April Sale Results

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The Indicator of Style

Laidlaw auction highlights

Laidlaw Auctioneers and Valuers have an established reputation for turning up the extraordinary, and their Fine & Esoteric auction on Saturday 14th April was no exception. Included in the sale was a mysterious metal and glass wall light - with impressive provenance. Taken from Sir Winston Churchill’s Top Secret underground cabinet war room codenamed the “Paddock”. The bunker was located at Dollis Hill, and concealed beneath a corner of the Post Office Research Station in true espionage fashion. The light in question is a ‘bomb direction indicator’, and it would illuminate in order to illustrate the direction of the attacks happening above ground. Soberly, the ‘IL’ indicating a direct hit to ‘inner London’. The light was salvaged during the 1980s when the abandoned bunker, having suffered years of neglect and water ingress, was finally dismantled. The indicator sold at auction for £1,200. 

Another military lot which captured the hearts of auction bidders both online and in the room was an extensive campaign and service medal group ranging from pre-War to Korea, awarded to Pte / Cpl J Sloan of the Argyll and Sutherland Highlanders. The medals had been discovered hidden in an old biscuit tin and were mere moments away from being disregarded as landfill. The £300-£500 auction estimate was quickly surpassed in the week leading up to the sale, as Laidlaw’s online catalogue enables live-bidding to take place before the auction has begun. Online bidders battled against each other to raise the lot to £1,300 by Friday, but it was two telephone bidders on the day which took the final price to £2,600. “The online bidders are notified each time they are outbid” says auctioneer Paul Laidlaw “it has the great effect of pushing the bidders that bit further, no-one wants to loose out - and so the cycle repeats.” Other military lots which achieved high prices on Saturday included a converted Imperial Russian 1854 rifle which sold for £1,800, and a Victorian 74th Highlanders silver plaid brooch which sold for £880.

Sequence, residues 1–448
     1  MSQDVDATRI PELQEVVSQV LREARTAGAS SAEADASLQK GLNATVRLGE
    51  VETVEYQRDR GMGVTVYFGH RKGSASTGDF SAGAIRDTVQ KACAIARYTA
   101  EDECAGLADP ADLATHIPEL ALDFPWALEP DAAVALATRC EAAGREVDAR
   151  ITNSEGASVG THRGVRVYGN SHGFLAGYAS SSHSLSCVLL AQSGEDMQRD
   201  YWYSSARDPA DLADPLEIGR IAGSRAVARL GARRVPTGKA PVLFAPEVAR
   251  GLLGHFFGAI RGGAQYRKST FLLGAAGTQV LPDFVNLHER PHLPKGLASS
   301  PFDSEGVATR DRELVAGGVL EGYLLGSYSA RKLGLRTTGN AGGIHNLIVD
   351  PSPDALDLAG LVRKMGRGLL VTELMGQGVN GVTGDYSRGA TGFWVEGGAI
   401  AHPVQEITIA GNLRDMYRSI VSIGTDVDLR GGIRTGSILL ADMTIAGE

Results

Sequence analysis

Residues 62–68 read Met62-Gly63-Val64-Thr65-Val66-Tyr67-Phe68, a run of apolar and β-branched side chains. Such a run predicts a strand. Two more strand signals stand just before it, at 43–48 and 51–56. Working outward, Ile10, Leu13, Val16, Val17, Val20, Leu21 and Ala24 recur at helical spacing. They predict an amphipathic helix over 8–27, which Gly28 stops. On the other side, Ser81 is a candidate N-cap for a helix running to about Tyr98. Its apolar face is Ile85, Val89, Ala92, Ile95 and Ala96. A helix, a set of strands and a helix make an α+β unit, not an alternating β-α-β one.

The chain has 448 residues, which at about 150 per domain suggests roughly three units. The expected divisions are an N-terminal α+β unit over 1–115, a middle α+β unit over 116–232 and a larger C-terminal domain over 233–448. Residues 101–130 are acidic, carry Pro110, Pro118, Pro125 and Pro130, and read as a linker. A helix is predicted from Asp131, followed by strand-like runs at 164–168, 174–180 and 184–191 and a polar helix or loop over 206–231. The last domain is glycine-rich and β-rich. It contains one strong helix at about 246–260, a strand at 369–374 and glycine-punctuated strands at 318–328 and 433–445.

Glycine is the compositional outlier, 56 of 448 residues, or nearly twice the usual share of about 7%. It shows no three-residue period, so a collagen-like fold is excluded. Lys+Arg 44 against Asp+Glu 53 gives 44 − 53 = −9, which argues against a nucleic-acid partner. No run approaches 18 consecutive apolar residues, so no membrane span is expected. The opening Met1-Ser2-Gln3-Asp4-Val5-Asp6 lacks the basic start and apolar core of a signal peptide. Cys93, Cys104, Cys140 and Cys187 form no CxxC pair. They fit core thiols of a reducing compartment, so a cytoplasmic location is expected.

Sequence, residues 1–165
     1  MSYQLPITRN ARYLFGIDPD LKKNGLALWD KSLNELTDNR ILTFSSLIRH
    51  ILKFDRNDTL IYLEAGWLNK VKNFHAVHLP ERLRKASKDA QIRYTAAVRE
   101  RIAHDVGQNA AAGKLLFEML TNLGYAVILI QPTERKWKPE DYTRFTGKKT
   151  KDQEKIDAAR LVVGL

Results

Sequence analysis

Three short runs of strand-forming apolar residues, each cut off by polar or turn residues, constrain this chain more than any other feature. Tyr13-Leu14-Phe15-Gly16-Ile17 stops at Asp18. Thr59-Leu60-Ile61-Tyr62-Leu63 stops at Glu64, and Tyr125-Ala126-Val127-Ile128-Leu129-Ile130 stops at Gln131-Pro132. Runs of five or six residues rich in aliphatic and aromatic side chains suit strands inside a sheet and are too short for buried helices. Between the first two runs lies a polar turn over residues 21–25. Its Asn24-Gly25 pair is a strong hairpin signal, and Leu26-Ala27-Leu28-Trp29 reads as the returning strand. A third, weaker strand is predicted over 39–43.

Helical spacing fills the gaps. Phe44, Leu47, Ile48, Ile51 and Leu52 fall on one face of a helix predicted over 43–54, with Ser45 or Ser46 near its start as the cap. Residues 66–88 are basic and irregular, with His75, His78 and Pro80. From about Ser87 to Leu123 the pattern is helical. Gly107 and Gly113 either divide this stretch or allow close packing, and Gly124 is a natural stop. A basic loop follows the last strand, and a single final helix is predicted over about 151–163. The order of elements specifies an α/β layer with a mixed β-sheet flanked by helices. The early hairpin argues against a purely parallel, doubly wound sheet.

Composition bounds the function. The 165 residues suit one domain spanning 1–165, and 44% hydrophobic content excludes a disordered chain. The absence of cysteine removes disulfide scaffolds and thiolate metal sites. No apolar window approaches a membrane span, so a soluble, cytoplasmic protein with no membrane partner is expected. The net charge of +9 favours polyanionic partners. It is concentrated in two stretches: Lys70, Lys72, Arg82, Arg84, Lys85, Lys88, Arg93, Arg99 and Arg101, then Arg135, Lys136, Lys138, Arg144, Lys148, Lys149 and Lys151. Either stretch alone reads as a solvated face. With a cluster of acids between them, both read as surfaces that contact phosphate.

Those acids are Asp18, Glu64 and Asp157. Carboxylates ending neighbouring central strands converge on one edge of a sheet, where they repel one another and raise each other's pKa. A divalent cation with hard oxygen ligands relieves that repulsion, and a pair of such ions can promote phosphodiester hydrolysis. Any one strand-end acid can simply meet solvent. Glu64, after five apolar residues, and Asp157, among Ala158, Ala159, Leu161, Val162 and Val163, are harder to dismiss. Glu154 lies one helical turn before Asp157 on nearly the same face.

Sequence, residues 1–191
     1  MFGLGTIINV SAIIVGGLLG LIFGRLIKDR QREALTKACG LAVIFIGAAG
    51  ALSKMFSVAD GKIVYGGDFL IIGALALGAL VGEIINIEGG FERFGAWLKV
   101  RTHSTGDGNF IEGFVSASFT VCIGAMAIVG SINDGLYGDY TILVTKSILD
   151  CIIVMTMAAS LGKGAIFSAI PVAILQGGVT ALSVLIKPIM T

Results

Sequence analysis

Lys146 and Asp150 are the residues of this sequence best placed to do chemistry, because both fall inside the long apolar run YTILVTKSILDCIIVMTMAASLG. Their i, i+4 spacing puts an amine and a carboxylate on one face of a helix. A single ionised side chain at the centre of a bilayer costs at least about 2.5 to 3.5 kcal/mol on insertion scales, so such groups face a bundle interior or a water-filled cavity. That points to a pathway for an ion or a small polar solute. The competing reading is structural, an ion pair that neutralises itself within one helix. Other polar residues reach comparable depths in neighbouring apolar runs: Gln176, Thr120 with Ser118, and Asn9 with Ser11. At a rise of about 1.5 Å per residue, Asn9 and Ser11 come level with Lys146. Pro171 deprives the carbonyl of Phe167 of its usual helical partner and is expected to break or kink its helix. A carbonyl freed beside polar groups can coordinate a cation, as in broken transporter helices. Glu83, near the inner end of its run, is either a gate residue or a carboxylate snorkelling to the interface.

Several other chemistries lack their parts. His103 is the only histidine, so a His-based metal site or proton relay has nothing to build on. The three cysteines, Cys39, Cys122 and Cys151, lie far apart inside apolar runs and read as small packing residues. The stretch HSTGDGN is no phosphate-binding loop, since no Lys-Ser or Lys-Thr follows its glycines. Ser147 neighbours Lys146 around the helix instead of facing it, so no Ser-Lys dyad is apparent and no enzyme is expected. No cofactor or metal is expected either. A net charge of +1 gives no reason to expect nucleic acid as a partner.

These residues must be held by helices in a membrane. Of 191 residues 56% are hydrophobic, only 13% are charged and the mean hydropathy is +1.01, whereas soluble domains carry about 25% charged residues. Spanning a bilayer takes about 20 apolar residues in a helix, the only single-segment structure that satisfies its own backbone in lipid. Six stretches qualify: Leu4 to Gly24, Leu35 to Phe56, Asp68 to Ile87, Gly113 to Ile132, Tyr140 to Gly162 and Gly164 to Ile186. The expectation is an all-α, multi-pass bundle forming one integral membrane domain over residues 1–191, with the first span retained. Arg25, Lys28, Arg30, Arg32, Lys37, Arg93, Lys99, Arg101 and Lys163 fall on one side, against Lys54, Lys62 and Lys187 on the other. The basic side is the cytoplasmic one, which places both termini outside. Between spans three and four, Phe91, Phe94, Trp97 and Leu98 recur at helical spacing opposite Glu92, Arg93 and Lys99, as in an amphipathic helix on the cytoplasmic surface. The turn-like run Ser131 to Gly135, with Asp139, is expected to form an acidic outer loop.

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Prices in other sale categories also proved buoyant, with online bidders from all corners of the globe taking part. The catalogue alone was viewed an astonishing 61,000 times in the lead up to the sale. Much pre-sale interest surrounded a pair of Chinese export famille verte porcelain chargers, which sold for £1,050, and intense online bidding surrounded an extensive Victorian Ashworth dinner service, which sold for £1,600. The vintage costume on display drew many admirers, with galleries in both New York and London bidding on a collection of Zoroastrian Indian costume, totalling over £3,500. Victorian dresses were as popular as ever, with an emerald green tablier dress selling for £200, and a ‘cage’ crinoline, (which would have originally been worn underneath a dress in order to give them their iconic shape), also selling for the same sum. “We have developed an eager audience for vintage costume” says auctioneer Georgina Norman “I often get asked when we will have more dresses in the saleroom. They are so evocative, you get a real sense of time travel when you can see the physical form of someone from the past.” 

Living up to the ‘esoteric’ auction title, many of the most popular lots in the sale proved to be quirky remnants from the past, or objects with a local interest. An early 20th Century Harrods electroplate sandwich box sold for £240 to a fashion-conscious packed-luncher, an early 20th Century Scottish Land Court despatch box for transporting sensitive documents sold for £580, and a Robert “Mouseman” Thompson stool sold for £680 following frenetic bidding. “We take great pride in sourcing from private clients nationwide, curating our sales and providing a ‘great day out’ for our buyers” says Paul. “One lot we sold was a small empty carton which originally contained a Second World War Spitfire Fund pendant. We recognised that this box was probably rarer than the item itself, and sure enough it sold for £40 on its own. It could have easily been discarded in the hands of someone else. It is this level of detail, expertise and care that we believe sets us apart from all the rest, and helps us to deliver strong results to our sellers.” 

Laidlaw Auctioneers & Valuers hold monthly Collectors' and Interiors auctions, and quarterly Fine and Esoteric auctions.